Owners of Turfland Mall are going forward with plans to redevelop the site of Lexington's oldest enclosed shopping center as a mixed-use project for office, retail and residential tenants.
Tentative plans also call for a 15,000-square-foot public art space to be used for exhibitions.
Rubloff Development Group has filed preliminary development plans with the city's planning staff and announced that they will seek tax increment financing to improve public infrastructure at the Harrodsburg Road property.
The public will get a chance to see architectural renderings at 7 p.m. Tuesday in the Oleika Shrine Temple on Southland Drive. "People will have a chance to look at it, kick the tires and ask questions," said 10th District Councilman Doug Martin.
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On hand will be Zach Knutson, chief operating officer of the Rubloff Development Group, based in Rockford, Ill., which bought the mall in the 1990s.
Preliminary plans filed Jan. 4 with the city's division of planning will be reviewed by the Planning Commission's technical committee on Jan. 27.
"That's where we have engineering, the sewer folks, traffic, solid waste, utilities, the fire department all look at the plans, see if they have any issues and get their questions answered," said Tom Martin, senior planner in the division of planning.
"Basically, we want to see how the development fits the space, how things like parking, drainage and internal circulation will work," he said.
Plans then go to the subdivision committee on Feb. 4 to be certified that the proposed redevelopment is in compliance with Lexington's comprehensive land-use plan, said Lexington attorney Chris Westover, representing Rubloff.
The two meetings will each be at 8:30 a.m. in the division of planning's conference room in the Phoenix Building.
Rubloff will seek tax increment funding to pay for the extensive amount of public infrastructure needed to make the plan work, both physically and financially, Knutson said in a phone interview.
Lexington is under a federally mandated Environmental Protection Agency consent decree to correct problems with storm and sanitary sewer systems. Adding to storm sewer problems is the amount of impervious surface in Fayette County.
An impervious surface prevents water from soaking into the ground. Examples include roofs, roads, sidewalks and parking lots.
The Turfland property is "one of the larger impervious areas in all of Lexington," Knutson said. The new design calls for replacing asphalt with pervious pavers and adding more landscaping to absorb storm water.
Slated to be named Turfland Town Center, plans call for razing the enclosed part of Turfland Mall, between the former Dillard's space and Home Depot.
New construction includes a three-story, mixed-use building with office space, retail areas and a parking garage, plus another building with retail and residential space.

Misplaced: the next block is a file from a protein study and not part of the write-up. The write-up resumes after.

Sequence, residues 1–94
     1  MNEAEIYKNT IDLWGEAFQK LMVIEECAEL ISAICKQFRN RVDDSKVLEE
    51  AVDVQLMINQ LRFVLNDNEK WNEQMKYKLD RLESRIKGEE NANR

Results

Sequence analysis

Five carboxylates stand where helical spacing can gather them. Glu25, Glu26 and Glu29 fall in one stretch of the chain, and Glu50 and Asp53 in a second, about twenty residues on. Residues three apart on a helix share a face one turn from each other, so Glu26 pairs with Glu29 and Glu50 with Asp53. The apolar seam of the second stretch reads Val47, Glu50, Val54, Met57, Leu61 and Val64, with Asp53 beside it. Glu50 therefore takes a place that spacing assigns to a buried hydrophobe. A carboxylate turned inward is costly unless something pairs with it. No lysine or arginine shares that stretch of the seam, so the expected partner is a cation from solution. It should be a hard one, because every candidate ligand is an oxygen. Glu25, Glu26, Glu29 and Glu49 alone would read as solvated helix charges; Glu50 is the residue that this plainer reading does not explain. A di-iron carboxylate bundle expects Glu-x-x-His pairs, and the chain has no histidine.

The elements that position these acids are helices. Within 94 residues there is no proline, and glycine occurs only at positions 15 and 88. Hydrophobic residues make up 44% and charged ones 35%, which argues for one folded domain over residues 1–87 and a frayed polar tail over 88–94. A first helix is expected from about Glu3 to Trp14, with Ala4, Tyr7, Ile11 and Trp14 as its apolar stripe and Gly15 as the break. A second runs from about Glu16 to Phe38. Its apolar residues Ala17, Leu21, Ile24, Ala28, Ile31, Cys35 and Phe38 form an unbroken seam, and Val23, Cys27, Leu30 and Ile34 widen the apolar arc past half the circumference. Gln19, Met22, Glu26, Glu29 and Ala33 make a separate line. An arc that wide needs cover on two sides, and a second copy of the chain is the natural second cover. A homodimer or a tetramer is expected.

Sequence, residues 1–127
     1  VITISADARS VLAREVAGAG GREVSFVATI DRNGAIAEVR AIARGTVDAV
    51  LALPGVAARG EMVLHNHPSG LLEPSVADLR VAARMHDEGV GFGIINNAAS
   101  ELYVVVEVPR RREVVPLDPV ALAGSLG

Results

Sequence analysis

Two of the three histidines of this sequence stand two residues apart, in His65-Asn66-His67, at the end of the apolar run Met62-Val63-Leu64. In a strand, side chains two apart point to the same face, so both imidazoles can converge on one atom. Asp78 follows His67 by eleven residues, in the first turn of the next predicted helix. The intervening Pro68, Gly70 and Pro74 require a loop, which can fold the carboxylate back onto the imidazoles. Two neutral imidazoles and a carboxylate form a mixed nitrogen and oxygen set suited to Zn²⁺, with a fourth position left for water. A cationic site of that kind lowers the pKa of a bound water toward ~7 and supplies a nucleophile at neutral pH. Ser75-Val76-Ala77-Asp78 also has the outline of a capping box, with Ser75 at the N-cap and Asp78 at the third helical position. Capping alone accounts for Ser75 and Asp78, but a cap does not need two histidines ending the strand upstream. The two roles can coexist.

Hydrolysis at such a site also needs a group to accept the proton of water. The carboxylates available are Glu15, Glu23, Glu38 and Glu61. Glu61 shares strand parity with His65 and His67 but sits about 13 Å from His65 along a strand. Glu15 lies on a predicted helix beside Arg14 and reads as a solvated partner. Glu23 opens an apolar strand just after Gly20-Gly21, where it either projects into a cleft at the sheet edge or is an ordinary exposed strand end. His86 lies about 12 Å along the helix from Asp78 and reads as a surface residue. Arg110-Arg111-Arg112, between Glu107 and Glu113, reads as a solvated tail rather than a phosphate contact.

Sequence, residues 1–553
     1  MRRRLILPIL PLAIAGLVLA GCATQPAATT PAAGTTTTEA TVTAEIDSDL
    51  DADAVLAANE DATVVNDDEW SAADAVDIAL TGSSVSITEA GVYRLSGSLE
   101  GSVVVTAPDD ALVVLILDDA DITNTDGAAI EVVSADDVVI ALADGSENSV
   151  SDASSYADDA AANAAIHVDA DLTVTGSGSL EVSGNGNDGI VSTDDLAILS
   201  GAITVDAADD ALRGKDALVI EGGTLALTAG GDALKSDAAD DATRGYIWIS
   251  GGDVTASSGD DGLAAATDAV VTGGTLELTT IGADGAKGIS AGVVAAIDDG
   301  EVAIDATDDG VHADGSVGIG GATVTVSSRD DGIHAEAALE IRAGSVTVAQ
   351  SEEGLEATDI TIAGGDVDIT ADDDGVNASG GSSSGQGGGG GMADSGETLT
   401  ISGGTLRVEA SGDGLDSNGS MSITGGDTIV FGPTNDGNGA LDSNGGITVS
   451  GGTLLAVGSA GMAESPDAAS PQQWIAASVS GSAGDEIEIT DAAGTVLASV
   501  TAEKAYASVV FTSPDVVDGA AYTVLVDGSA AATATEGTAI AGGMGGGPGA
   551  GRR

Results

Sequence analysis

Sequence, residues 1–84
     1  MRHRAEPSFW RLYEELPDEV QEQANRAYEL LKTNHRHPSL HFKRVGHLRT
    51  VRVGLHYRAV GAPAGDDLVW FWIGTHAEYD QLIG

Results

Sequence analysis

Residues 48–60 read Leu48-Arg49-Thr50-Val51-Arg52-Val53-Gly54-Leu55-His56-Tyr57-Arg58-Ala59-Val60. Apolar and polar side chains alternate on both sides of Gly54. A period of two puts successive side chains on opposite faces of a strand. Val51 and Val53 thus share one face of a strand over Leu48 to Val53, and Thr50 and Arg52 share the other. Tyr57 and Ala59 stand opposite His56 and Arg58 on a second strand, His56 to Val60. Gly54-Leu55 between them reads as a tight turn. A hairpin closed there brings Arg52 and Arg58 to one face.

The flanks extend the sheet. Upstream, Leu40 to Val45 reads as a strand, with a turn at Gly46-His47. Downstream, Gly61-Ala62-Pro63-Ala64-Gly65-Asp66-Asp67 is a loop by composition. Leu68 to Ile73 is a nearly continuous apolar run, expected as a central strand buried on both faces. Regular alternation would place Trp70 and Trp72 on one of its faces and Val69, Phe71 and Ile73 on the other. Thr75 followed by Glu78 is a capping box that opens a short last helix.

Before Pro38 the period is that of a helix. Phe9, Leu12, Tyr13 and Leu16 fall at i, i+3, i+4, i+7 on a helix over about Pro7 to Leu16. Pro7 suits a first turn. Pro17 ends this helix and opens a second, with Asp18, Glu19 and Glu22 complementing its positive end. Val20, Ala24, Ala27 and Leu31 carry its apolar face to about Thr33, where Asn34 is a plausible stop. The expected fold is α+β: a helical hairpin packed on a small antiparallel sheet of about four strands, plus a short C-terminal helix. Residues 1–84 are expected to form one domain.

Two additional office buildings will go at the rear of the mall property.
This will be the first major change for Turfland since Rubloff bought the property in the late 1990s. After the company purchased the mall, it began extensive renovations, but as the years went by, mall tenants pulled out, eventually leading to its current, almost empty state.
Knutson said in an interview last fall that the redevelopment plan is contingent on finding a major anchor tenant to take the 165,000 square feet of space formerly occupied by Dillard's, which closed in early 2008, sounding the death knell for the mall.
Jeff Stidham, president of Stidham Commercial Partners, which is heading up efforts to lease office space, said Tuesday that two prospective tenants have been identified for the former department store.
"We're not far enough down the road with either to make an announcement," he said. One would be the consolidation of a "large, well-known company with locations already here. The other is a well-known national firm that has locations all over the United States," he said.
Under the proposed plan, the Dillard's building will be renovated into "class A office space," Stidham said, and will look "substantially different than it does today."
C.J. May, president of May Commercial Group, is working on attracting a mix of retailers for the site. "Under the plan we have now, the driving force is the office-space component, then filling in retail around it."
Possible public space for art would be a major plus for the project, Stidham said. "Art exhibits are a huge draw for a community," he said, adding that the Smithsonian Institution has more than 25 exhibits traveling the country. Most are too large for existing facilities in Lexington.
Jim Clark, executive director of the Lexington Arts Council, said exhibition space in a suburban, commercial development "would put the arts out in the mainstream ... outside the urban core," attracting a new audience not inclined to come downtown.